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This review is taken from PN Review 124, Volume 25 Number 2, November - December 1998.

SENSORY IMAGES ALAN ROSS, Winter Sea (Harvill) £14.99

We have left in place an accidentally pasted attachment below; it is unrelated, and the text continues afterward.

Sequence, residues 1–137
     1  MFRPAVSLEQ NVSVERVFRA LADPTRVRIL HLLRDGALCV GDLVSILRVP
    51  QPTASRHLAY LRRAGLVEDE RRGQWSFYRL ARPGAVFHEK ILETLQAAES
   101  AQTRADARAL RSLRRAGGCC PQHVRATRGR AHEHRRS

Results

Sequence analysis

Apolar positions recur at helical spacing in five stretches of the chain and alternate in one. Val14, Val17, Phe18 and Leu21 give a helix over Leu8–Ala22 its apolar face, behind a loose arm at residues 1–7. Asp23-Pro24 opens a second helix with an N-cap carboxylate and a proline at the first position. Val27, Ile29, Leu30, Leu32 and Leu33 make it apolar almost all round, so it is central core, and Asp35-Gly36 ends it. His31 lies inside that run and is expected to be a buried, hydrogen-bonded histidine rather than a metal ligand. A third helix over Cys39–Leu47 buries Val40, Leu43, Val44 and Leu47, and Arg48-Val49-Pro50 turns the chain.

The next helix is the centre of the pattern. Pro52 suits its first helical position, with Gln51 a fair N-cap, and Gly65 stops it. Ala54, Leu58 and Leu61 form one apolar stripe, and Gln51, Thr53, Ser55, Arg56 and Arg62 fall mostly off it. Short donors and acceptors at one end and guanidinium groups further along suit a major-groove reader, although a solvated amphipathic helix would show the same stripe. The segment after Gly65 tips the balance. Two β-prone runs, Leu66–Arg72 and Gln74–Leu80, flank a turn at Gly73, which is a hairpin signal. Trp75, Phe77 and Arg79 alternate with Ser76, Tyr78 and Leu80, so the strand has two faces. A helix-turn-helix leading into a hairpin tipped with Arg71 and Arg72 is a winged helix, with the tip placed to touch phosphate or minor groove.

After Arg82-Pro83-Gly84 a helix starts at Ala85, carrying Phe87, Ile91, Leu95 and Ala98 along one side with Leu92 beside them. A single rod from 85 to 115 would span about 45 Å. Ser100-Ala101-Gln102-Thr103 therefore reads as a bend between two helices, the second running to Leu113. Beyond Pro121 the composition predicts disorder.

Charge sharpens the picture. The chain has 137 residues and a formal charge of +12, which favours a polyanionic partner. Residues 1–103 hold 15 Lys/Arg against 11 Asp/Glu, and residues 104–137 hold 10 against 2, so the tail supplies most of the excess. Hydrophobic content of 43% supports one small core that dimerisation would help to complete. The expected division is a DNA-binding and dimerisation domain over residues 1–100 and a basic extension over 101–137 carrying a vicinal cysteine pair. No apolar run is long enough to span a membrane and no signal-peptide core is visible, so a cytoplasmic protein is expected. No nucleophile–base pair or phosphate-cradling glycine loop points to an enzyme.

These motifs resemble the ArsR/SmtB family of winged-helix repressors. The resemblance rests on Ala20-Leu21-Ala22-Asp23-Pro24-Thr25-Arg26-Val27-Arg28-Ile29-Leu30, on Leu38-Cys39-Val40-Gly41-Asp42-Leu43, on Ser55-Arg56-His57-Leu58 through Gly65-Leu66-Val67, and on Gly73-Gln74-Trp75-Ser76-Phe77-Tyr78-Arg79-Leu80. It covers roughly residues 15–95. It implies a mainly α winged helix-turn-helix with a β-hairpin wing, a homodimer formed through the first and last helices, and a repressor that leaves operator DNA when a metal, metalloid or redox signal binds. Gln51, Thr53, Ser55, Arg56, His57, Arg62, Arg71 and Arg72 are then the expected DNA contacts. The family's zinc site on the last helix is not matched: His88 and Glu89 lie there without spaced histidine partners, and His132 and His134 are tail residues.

This is Alan Ross's fourth volume of autobiography (following on from Blindfold Games, Coastwise Lights, and After Pusan) but, increasingly, he gives little away about his closest relationships. The gossipy side of the self is entirely lacking. In some ways he's as hard to pin down as Ashbery, although any game-playing with competing realities is not his style. It's the observer in him that avoids self-questioning: curiosity is always more compelling than the confessional. Winter Sea, like his previous volumes, is an intriguing mix of memoir, poetry, and travel writing. Getting the balance right requires considerable honesty, innate literary tact, and a good eye. It's the latter that holds things together, including our interest. The painter in him is particularly well focused. It's these same qualities that make him such a good editor of the London Magazine, keeping it open since 1961 to talents that other editors might have considered outsiders. He can obviously sniff out false notes in his own work as well as he can in his contributors'. He's worked out his strengths and he keeps to them. His preferences are for the visual, direct narrative, and a strong feeling for the spirit of place. His war poems, particularly the wonderful 'Convoy J.W. 51 B', put him among the best of the Second World War poets and, in a way, this book is an extended footnote to some of those earlier experiences, a revisiting in calmer times. In 'Tallinn - Haapsalu' he journeys to the Baltic and ...

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